What is the value of yesterday's newspaper? In a bygone day it served the thrifty housewife as a cover for the kitchen table, or in company with its fellows of the days before as a lining for the ingrain carpet; and if the good husband was handy, it might on a winter evening be cut into strips and deftly rolled into the long slender tapers that stood in the tumbler on the shelf beside the Seth Thomas clock to be used in carrying the necessary flame from the briskly burning hickory wood fire in the air-tight stove to the wick of the kerosene oil lamp.
But in these ultra-modern days of steam heat, electric light and power, enamel topped tables, and hardwood floors, the newspaper, like the grass, "today is in the field and tomorrow is cast into the oven"; or it may find its way to the baler in the basement and presently it is returned to the paper mills from whence it came in the endless round of pulp and paper and print.
The average subscriber to that "largest circulation", which is the daily boast of every newspaper of any standing, would probably scoff at the suggestion that there is anything of real value from the standpoint of scientific history in the newspaper; and yet we know that the leading historical institutions of the country are piling up literally tons and tons of newspapers. Although their rapid accumulation presents a very real problem, if not a genuine embarrassment to every great historical library, thousands of dollars are spent annually in binding and properly shelving the newspapers of the day -- for the use of the historian of the future.
That there is trouble ahead for the historian we will admit. In his endeavors to retrace the footprints of this present age of black-face type, what is to be the criterion of the relative importance of news? Does the 120 point headline set forth public information that is twice as consequential as the 60 point, and four times the public concern of that of the 30 point? Is he to believe as he turns the yellowing pages of the Iowa newspapers that the news "Ames Defeats Iowa" was, in the public mind of the period, of twice the importance of the news that "Wartime Coal Regime Begins", while the news that "2 3/4 Beer Gets Hearing" and "Mary Pickford Divorced" was of twice the importance of the Ames-Iowa game and of six times the public concern of the war time coal regime?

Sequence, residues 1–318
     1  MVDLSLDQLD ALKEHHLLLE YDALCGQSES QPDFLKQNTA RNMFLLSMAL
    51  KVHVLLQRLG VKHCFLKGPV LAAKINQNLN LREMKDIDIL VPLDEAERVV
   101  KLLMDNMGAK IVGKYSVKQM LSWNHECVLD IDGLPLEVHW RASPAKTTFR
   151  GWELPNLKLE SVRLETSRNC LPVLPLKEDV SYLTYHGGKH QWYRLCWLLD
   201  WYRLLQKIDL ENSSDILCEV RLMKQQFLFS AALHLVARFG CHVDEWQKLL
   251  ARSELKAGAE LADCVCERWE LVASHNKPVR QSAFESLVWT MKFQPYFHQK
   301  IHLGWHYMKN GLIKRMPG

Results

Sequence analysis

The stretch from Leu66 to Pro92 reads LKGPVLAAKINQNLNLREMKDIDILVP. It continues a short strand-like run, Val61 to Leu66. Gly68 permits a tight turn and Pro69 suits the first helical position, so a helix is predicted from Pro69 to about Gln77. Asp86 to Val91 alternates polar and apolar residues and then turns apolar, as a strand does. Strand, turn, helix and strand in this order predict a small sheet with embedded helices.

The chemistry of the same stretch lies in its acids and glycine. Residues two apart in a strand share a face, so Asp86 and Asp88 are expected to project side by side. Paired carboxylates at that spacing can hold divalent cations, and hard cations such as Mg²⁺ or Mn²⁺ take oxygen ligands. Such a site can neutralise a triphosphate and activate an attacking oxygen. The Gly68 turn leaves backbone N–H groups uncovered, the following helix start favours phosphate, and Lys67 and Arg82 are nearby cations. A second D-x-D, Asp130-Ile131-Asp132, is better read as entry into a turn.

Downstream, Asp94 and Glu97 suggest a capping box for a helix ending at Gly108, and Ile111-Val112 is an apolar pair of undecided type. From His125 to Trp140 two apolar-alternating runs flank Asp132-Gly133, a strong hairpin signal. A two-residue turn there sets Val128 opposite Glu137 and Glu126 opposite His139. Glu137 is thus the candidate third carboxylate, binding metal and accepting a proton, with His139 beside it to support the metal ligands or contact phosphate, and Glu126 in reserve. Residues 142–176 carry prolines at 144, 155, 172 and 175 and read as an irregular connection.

How will the historian winnow out the pregnant facts that lie buried "under bushel-heaps of worthless assertion" in an age of censored dispatches, "doctored stuff", "prepared dope", private propaganda, camouflaged news, and extravagant advertising? How will he distinguish the work of the competent, independent, investigating reporter in the record of current topics and passing events from the manipulated news of the clever press agent attorney? How will he treat the deliberately scraped and sponged and overlaid palimpsests of this newspaper epoch that they may tell the true story that is there recorded?
With due allowance for the extravagant use of 120 point type, for the insidious press agent and the organized manipulation of public opinion and for all the "fecundity and fallibility which are peculiar to journalism", what is there in these great library files of daily newspapers that justifies their preservation and proper classification? Almost everything that the student of history wants. Almost everything that the student of history wants. for in spite of "slang-whanging" and editorial vituperation, and the sometimes startling results of "the carelessness of the compositors and the absent mindedness of the readers of proof", and spite of its double role of "universal advertiser and universal purveyor of knowledge", the daily newspaper is the best reflector of the times that the student of history can find.